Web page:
They came with pruning shears, rakes and shovels.

They came with pruning shears, rakes and shovels.

They came with garbage bags, paint brushes and work gloves.

More than 700 people of all ages hit the Bear Creek Greenway to clean up the length of the trail between Ashland and Central Point as part of a community service project Saturday organized by The Church of Jesus Christ of Latter-day Saints.

The church organizes Mormon Helping Hands projects to get members involved in giving to their communities, said Dick Robertson, a spokesman for the Medford stake.

"I felt inspired. I wanted to contribute," said Sam Garner, 29, who admits to sometimes skipping out when he hears the call to service.

On Saturday, though, he and a handful of friends set off down the greenway between Talent and Ashland to cut back encroaching blackberry brambles and trim low-hanging branches.

Alongside Garner, 26-year-old Medford resident John Morrill said he had worked on many church projects while on a two-year mission in Guatemala, but he was glad to have an opportunity to serve his own community, too.

"I use this path," he said.

Back at Lynn Newbry Park in Talent, a multi-generational painting crew smoothed pale green paint on a picnic shelter and table.

"We've got everybody who can get on a ladder up there," said Carolyn Beron, of Medford.

"The rest of us are taking care of down here," she said, steadying a paint tray for 3-year-old Hayden Allen who carefully stroked paint onto a bench and the base of a support post.

His 17-month-old sister, Lamden, toddled back and forth, patting the surfaces to be painted — and at least one that had just been painted, leaving her with a green-tinged palm and a smudge of paint on her cheek.

While Alison Allen and her three youngest children painted at the park, her three elder children had headed down the trail with dad for some pruning and litter collection.

Robertson estimated that about 150 people were working on the trail between Ashland and Talent. Other groups set out from U.S. Cellular Community Park, Bear Creek Park and other points along the roughly 17-mile trail.

Church officials contacted Jenna Stanke, a special projects coordinator at the Jackson County roads and park department who oversees the greenway, earlier this year looking for a project for about 400 volunteers. Then, they returned and said they could bring up to 800 volunteers, she said.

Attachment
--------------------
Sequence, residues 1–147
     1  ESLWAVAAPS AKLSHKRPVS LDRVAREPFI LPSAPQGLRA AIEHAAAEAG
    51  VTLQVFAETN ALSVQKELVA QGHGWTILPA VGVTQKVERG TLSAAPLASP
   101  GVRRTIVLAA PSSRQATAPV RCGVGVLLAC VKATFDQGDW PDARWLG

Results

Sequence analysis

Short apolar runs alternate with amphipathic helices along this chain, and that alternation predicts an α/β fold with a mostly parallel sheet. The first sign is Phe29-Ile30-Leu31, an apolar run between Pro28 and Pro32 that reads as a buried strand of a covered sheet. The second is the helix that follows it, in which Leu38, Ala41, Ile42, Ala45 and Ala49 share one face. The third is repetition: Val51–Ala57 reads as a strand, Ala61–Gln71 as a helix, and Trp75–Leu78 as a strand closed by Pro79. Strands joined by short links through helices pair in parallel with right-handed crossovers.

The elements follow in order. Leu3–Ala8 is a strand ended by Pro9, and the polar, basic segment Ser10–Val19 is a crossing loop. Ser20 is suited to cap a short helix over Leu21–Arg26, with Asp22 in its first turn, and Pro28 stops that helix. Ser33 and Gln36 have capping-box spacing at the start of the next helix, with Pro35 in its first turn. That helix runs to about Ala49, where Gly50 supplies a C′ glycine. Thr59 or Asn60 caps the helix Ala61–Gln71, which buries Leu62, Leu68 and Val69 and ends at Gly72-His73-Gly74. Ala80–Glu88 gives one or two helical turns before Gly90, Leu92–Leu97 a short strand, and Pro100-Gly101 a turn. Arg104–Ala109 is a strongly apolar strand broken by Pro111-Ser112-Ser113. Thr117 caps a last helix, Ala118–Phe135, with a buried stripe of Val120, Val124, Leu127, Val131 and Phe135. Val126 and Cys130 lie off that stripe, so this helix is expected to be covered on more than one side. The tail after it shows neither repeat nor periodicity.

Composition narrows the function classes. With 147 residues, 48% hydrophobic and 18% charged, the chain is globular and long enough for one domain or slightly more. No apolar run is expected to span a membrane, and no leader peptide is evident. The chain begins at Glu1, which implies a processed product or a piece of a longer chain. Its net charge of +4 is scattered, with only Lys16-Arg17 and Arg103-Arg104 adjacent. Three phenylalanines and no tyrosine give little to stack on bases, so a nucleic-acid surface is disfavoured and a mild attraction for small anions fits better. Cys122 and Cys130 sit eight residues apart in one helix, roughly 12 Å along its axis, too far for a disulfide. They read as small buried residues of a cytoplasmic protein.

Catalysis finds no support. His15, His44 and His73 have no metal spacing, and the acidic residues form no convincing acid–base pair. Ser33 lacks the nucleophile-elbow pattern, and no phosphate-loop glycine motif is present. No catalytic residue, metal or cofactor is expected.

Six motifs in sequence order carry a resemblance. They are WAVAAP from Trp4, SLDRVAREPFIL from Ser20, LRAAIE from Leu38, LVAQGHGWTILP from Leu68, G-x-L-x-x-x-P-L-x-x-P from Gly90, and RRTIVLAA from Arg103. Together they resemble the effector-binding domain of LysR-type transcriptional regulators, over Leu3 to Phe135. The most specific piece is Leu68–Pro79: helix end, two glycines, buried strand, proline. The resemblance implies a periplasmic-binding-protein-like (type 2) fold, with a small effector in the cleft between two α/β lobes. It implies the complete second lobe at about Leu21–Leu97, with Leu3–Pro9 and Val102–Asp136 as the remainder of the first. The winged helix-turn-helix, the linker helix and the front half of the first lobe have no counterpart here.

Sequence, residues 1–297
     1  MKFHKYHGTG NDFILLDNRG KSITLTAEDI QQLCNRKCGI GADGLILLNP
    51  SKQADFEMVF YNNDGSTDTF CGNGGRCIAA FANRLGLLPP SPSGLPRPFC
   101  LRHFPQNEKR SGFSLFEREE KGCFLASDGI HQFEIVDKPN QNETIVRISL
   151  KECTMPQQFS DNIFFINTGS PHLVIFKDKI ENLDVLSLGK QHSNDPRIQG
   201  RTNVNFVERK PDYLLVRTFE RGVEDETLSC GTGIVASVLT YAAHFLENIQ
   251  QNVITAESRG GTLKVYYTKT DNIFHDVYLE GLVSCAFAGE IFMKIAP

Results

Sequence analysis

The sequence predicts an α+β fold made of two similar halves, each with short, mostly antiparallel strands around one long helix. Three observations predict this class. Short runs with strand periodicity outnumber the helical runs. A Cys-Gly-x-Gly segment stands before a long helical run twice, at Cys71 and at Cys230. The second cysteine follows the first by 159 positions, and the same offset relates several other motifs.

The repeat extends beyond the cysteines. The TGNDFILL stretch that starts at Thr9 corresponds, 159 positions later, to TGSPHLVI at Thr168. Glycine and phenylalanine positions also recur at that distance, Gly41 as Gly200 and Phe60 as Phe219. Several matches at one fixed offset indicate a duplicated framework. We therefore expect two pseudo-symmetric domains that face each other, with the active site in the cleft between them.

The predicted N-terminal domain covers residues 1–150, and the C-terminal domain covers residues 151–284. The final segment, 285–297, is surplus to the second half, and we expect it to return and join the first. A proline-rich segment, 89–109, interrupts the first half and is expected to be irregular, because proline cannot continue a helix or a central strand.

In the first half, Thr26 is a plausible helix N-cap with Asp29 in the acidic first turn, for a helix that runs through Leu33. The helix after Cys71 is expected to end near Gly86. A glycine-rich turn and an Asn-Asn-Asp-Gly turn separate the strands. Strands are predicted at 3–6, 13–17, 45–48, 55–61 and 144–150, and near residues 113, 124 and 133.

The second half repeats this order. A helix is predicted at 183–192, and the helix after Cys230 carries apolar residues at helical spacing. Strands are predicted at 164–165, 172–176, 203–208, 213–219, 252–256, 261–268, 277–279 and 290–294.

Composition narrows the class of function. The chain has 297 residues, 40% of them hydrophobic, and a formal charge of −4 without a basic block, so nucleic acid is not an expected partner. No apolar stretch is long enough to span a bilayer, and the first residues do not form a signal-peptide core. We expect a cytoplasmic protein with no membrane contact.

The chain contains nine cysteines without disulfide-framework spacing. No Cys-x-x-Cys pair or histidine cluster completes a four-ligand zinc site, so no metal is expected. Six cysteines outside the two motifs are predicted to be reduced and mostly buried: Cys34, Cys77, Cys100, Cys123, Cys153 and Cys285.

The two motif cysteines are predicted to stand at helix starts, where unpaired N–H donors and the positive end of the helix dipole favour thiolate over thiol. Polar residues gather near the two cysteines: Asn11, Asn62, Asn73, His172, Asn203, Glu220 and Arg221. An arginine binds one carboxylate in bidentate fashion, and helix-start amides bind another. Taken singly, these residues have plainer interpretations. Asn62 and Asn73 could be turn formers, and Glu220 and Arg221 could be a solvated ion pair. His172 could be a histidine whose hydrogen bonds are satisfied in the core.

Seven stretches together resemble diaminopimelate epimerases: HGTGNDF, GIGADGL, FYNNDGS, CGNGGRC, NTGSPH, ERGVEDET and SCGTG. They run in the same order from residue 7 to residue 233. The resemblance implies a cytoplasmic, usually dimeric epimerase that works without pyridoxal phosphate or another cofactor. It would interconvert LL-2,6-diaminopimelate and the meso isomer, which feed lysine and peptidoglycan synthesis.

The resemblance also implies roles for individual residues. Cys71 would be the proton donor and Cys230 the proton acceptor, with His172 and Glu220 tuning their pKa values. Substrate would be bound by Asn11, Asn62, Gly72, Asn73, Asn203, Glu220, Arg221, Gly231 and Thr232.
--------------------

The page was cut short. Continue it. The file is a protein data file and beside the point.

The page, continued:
"I think this is probably the biggest one-time project on the greenway," Stanke said.

She drew up a list of chores the group could tackle — picking up litter, trimming vegetation, spreading gravel alongside the path, marking breaks in the pavement.

"It was based on what the greenway needs," Stanke said, explaining that the mass of manpower could remove the tangle of spring growth that sprouted up late this year without machinery now restricted by fire danger.

Kenneth Johnson, 23, and Andrew Ludlow, 26, cut brush, raked leaves and collected litter.

"I saw the leaves under here and thought 'That looks ugly,' so I decided to rake them up," Ludlow said, as he and Johnson filled a yellow trash bag with dry leaves that had collected under the West Valley View bridge over Bear Creek.

"It looks a lot better," said Linda Telford of Medford, summing up the trail as she returned from a brush-cutting expedition in Talent.

She said numerous cyclists had shouted out thanks and encouragement as they pedaled past crews of volunteers.

"They got a lot of work done," Stanke said, after the crews finished lunch at Bear Creek Park in Medford. "The trail looks great. I'm grateful for their help. It's a tribute to their organization."

Around this time of year across the West, Mormon Helping Hands and similar community projects are a key part of Pioneer Day celebrations, commemorating the arrival of Brigham Young and the first pioneers into the Salt Lake Valley on July 24, 1847, Robertson said.

Church officials in Oregon wanted to make this year's efforts especially prominent to honor the state's sesquicentennial, he said.

Reach reporter Anita Burke at 776-4485, or e-mail aburke@mailtribune.com.